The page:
USS Jimmy Carter: The Navy Has a Spy Submarine That Can't Be Matched

November 23, 2023 Topic: military Blog Brand: The Buzz Tags: U.S. NavyNavyUSS Jimmy CarterSeawolf-ClassSubmarine

USS Jimmy Carter: The Navy Has a Spy Submarine That Can't Be Matched

Larger and more advanced than the other two Seawolf boats that were developed in the 1980s, USS Jimmy Carter has likely been tasked with some of the US Navy's most secretive missions. 

USS Jimmy Carter Spy Submarine, An Explainer: Over the past two decades, the United States Navy has operated a very special submarine that has gotten little attention in the media – likely because its missions have been classified. In fact, we likely won't ever know some of the places this boat has sailed or what those missions may have been.

It is the U.S. Jimmy Carter (SSN-23), a nuclear-powered attack submarine that was commissioned in February 2005. It is just one of three Seawolf-class subs in service, but also the only one modified for Seabed Warfare – those unreported missions deep below the waters that can target critical infrastructure such as power cables, telecom cables, and even natural resource extraction systems.

Only a handful of nations have the capabilities required to conduct such operations, and it requires a submarine-like SSN-23 to accomplish the missions.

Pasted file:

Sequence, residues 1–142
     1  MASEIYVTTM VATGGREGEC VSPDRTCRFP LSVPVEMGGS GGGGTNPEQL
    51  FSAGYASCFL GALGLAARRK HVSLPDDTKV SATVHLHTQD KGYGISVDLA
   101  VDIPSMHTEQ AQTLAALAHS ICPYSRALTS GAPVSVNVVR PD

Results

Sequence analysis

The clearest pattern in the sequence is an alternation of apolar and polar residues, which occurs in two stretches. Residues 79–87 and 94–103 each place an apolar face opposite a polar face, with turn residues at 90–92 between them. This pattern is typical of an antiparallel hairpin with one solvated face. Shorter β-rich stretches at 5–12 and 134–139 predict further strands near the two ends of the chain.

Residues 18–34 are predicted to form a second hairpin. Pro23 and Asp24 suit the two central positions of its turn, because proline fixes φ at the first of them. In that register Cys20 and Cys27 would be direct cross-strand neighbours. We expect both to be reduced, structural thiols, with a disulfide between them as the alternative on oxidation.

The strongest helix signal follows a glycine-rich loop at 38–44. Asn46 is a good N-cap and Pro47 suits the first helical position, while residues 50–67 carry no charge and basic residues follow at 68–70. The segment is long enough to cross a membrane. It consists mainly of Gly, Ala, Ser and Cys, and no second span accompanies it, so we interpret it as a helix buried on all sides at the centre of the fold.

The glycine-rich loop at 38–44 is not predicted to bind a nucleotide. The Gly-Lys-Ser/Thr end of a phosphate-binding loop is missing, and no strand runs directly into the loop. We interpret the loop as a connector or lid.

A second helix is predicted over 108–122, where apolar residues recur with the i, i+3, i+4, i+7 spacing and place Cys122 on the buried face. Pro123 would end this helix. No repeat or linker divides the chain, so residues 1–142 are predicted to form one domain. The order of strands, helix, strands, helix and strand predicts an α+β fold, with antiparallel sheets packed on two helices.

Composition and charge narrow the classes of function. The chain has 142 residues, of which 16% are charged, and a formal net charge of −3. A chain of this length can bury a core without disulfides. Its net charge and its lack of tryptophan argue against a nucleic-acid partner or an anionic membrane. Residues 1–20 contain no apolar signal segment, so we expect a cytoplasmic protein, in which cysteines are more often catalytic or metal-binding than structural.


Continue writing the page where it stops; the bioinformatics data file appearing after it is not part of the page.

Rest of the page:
The U.S. Navy's Block VI Virginia-class submarines are expected to employ seabed warfare equipment, while the Russian Navy's submarine Losharik is believed capable of such operations.

The Seawolf-Class

Designed to address the threat of Soviet ballistic missile submarines, and to replace the aging Los Angeles-class of attack submarines, the Seawolf-class of nuclear-powered fast attack submarines (SSN) has been described as the best of the best.

A total of 29 boats were to be constructed over a 10-year period – a number that was then reduced to 12 – but only three were launched. By the time USS Seawolf (SSN-21)  and USS  (SSN-22) hit the water, however, the Soviet Union had collapsed.

Cost was an issue. At approximately $3 – $3.5 billion per vessel, the boats were simply too expensive, especially in the wake of changing global geopolitics. Instead, the United States Navy opted for the smaller and more cost-effective Virginia-class submarine program.

The fast attack subs were equipped with an advanced suite of electronics, including a 24-foot diameter spherical sonar array mounted in the bow, a wide-aperture flank array sonar mounted on the sides, and the recently added ability to carry a towed-array sonar. Each of the three SSNs of the Seawolf-class further features a modular design that has allowed for later upgrades including weapons development and better sonar systems, and even today, these remain somewhat “future proof.”

The boats lack external weapons, but each was designed with eight torpedo tubes – twice as many as the Los Angeles-class, along with a double-deck torpedo room to allow for simultaneous engagement of multiple threats. It also had a 30 percent increase in weapons magazine providing storage for a combination of up to 50 Mark 47 heavyweight torpedoes, Sub-Harpoon anti-ship missiles, and Tomahawk missiles.